John McEnroe, during his hey days, was known chiefly for being THE spoilt brat on the tennis court, the one who would give no quarter and expect everything, absolutely every single call in the match to go in his favour.
So, McEnroe never was about the sweet and kind when it came to winning tennis matches, and while the greats of the game might do it in their own way, that is true about anyone that has won multiple Grand Slams – when it comes to time on court, there can be no mercy.
Just look at the way Roger Federer dismantles his opponents when he gets into that zone, and you will know the true meaning of ruthlessness on the court.
One of the men currently failing to find that ruthlessness, which made him into the best tennis player in the world and one of the greatest of all-time, is Novak Djokovic, whose form has dipped, dipped and then dipped some more since winning the French Open title to complete a career Grand Slam last year.
Djokovic has been a shadow's shadow of himself for over a year now – relatively speaking, of course, because for a mere mortal, his record this year is still pretty great – with changes to his coaching staff also doing little to bring about a change in fortunes.
When he hired Andre Agassi, it was expected to bring an immediate shift to his form, turn him back into that winning machine, who ran through every single player on the circuit with ease. However, even Agassi could not inspire a title defence from the Serbian, who was knocked out in the quarterfinals at Roland Garros by Dominic Thiem, with the former world number one basically giving up in that final set, which was won by the Austrian to love.
Federer and Rafael Nadal have already shown the golden era of tennis is not quite over, there is still plenty left in the tank. But, with Djokovic now set to become a father for a second time – his wife is expected to give birth in August-September – is that desire, so crucial to get that ruthlessness on the court, even there for the 12-time major winner?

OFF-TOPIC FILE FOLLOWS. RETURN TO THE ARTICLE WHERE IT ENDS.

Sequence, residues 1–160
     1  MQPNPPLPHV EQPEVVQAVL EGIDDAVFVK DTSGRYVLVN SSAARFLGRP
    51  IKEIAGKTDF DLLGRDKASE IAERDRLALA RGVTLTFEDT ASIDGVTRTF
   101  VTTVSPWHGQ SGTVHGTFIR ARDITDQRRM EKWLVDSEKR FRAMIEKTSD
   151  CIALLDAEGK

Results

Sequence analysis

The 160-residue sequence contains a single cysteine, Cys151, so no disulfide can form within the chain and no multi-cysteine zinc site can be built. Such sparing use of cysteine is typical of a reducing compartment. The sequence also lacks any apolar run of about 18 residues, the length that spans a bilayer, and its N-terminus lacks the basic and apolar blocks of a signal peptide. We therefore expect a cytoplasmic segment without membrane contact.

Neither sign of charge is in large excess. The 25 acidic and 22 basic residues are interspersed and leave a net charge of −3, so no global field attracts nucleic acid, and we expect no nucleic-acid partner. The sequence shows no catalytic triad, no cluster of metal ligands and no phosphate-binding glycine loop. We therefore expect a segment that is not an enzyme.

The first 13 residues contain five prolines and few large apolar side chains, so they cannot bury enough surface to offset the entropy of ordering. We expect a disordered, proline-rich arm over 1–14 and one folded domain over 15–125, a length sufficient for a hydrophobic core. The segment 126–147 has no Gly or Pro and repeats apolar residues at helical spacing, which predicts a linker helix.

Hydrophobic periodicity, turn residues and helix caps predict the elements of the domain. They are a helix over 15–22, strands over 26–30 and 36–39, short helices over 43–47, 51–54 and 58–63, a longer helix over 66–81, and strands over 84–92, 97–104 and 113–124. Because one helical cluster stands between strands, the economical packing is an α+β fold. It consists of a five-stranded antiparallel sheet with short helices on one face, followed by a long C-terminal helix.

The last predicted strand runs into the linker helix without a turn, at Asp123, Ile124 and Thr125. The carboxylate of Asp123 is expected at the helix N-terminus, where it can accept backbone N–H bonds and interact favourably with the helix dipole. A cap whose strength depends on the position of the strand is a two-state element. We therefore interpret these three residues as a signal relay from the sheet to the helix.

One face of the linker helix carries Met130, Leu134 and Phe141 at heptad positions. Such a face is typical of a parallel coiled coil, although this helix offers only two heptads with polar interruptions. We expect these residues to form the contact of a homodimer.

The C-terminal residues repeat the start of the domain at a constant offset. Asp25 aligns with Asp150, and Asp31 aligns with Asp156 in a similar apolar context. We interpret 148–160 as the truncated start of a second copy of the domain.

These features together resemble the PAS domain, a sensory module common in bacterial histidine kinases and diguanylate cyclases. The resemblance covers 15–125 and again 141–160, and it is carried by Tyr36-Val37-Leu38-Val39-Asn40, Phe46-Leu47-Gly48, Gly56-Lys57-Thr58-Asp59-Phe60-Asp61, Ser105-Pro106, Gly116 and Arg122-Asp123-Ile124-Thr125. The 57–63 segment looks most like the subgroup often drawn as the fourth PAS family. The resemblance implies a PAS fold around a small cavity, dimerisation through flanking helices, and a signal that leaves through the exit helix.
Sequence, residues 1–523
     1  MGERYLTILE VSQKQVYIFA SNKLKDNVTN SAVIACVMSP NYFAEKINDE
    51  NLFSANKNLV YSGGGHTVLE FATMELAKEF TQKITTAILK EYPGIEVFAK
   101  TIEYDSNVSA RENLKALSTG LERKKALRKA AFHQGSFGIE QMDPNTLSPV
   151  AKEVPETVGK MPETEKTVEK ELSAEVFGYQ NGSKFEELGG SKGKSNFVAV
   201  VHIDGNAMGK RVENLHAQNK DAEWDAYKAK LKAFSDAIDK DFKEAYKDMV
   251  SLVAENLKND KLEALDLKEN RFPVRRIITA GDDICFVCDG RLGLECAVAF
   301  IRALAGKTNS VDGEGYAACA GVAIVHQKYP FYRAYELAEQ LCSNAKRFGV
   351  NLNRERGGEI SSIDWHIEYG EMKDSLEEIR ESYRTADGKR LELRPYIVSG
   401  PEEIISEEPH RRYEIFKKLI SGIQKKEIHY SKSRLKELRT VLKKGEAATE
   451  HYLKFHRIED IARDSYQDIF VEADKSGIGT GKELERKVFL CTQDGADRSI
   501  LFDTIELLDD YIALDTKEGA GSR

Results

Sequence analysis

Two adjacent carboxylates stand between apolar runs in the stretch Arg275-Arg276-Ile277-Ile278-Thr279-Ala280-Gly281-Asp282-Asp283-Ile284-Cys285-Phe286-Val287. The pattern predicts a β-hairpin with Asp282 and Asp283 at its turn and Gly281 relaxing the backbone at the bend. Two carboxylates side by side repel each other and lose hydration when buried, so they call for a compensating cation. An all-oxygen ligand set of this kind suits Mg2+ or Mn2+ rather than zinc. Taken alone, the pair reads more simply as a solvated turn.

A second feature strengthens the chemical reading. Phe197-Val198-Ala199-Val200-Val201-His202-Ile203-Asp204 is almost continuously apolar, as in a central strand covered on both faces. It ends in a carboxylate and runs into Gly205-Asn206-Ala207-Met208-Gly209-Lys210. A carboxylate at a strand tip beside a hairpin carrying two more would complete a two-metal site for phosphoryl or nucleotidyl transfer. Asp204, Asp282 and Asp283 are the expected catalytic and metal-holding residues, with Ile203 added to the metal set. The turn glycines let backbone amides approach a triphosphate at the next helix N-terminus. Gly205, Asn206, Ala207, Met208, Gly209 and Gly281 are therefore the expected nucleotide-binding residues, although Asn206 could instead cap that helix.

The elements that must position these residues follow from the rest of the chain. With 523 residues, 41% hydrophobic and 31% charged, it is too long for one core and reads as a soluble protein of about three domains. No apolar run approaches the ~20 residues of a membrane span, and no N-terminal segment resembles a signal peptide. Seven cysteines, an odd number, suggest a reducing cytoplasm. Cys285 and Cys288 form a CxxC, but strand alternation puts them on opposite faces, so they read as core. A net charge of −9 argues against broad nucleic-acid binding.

McEnroe feels the fact that Djokovic is now working with a spiritual adviser in Pepe Imaz is leaving him without the edge, the "killer instinct."
"From an emotional standpoint he perhaps felt he wanted to bring in somebody who wants to give people a lot of hugs," McEnroe said of Imaz who is known for his long hugs. "That does not necessarily translate to having that killer instinct.
"It does not automatically lose it, but you don't want to get into a situation where it is all peace and love and then have to go out and try to stomp on somebody's head in competition."
Djokovic has clearly lost the mental strength that made him near unbeatable at times. Look back during his insanely-good run, and you will find multiple times when he dug himself out of a hole the size of the Grand Canyon, purely through of that mental strength and belief in his ability.
Now, when Djokovic goes down a break or two or a set, he just seems to give in, much like he did against Thiem, something which would have been almost impossible to fathom 12 months ago.
Even that joy, he used to emit whenever he stepped onto the court seems to have dimmed a little. Have his priorities changed, and is there a serious basis to the rumours that have said the great man might just be ready to retire?
Maybe what Djokovic needs is a little break to re-evaluate his priorities and find that sweet spot of his again. It worked for Federer and Nadal, although those were injury enforced, and maybe, after Wimbledon and the US Open is done, the Serb can get away from the game, take a nice break and return as the Djokovic we all know.
Who knows, even before that, maybe the Agassi partnership will start to work like a charm, and Djokovic will be the one standing proudly on Centre Court with that famous golden trophy in his hands again in about three weeks' time.
The way things stand, though, that looks extremely unlikely.